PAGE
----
LAO Estimates That California Won’t Hit Stimulus Threshold
California likely will have to further increase taxes and cut Medi-Cal and other services because the state probably will not receive at least $10 billion toward general fund spending from the federal economic stimulus package, Legislative Analyst Mac Taylor told the Assembly Budget Committee Tuesday, the Sacramento Bee reports.
Medi-Cal is California's Medicaid program (Sanders, Sacramento Bee, 3/11).
Taylor estimates that California will receive almost $31.5 billion from the stimulus through mid-2011 (Yi, San Francisco Chronicle, 3/11).Â About $8 billion will be available for budget relief through 2010, according to Taylor's report.
The state budget agreement Gov. Arnold Schwarzenegger (R) enacted last month stipulates that the state could avoid further tax increases and spending cuts if it received at least $10 billion from the stimulus package for budget relief (Bailey/McGreevy, Los Angeles Times, 3/11).
If stimulus funds do not hit that threshold, Medi-Cal would terminate some benefits beginning July 1. For example, Medi-Cal would stop covering adult dental services and podiatry (Sacramento Bee, 3/10).
The state personal income tax also would increase by a quarter percentage point (Los Angeles Times, 3/11).
In his testimony, Taylor said California law must restore the Medi-Cal eligibility rules that were in place on July 1, 2008, to receive additional federal funds for the program.Â
Since that date, California has increased eligibility verification checks for kids Medi-Cal covers to twice annually.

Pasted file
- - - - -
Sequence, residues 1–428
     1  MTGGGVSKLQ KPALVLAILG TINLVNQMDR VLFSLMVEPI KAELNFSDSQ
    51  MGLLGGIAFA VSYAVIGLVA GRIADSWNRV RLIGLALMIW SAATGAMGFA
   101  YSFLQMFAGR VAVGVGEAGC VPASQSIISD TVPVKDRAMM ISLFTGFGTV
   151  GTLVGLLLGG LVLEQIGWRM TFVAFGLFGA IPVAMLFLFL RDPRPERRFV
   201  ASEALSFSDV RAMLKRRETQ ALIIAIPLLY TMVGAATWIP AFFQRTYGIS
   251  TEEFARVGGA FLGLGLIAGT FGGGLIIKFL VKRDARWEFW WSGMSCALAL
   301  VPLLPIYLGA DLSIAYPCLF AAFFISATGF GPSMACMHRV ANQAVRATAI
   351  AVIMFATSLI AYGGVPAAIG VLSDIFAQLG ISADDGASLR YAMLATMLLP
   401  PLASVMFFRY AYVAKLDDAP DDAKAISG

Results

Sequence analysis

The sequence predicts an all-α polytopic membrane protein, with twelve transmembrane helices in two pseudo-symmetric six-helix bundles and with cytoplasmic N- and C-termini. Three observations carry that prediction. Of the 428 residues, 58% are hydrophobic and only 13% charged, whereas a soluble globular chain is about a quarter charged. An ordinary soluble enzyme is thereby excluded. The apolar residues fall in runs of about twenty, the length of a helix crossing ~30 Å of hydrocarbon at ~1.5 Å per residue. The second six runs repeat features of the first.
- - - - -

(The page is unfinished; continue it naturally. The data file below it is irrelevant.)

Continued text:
Taylor said that the policy change must be "reversed" by July 1 to receive the stimulus funds, but he urged lawmakers to approve the change sooner.
However, the Ventura County Star reports that it is unclear whether the policy must be permanently reversed or if a temporary suspension of the more frequent eligibility verifications would suffice.
H.D. Palmer, a spokesperson for the state Department of Finance, said the Schwarzenegger administration is asking for the requirement to be suspended rather than revoked altogether.Â Palmer said he misspoke last week when he told the Star that the rule needed to be revoked (Herdt, Ventura County Star, 3/11).
What Comes Next
The state Legislature charged state Treasurer Bill Lockyer (D) and Finance Department Director Mike Genest with determining whether California will hit the $10 billion mark in stimulus funds.Â Lockyer and Genest must make the call by April 1 (Los Angeles Times, 3/11).
Taylor's estimate is consistent with the numbers the state Department of Finance reached last week, but Taylor said that the situation is complicated because of ambiguity in how to account for some funds.
Lockyer spokesperson Tom Dresslar said that the treasurer's office has hired a consultant and will be developing its own estimate (Sacramento Bee, 3/11).
Lockyer and Genest will hold a meeting on stimulus funds for California next week (Los Angeles Times, 3/11).
On Tuesday, KQED's "Radio News" included a discussion with KQED Sacramento Bureau Chief John Myers about Taylor's report (Musiker, "Radio News," KQED, 3/10).In addition, KPCC's "Air Talk" included a discussion with Jean Ross of the California Budget Project about stimulus funding for California (Mantle, "Air Talk," KPCC, 3/10). This is part of the California Healthline Daily Edition, a summary of health policy coverage from major news organizations. Sign up for an email subscription.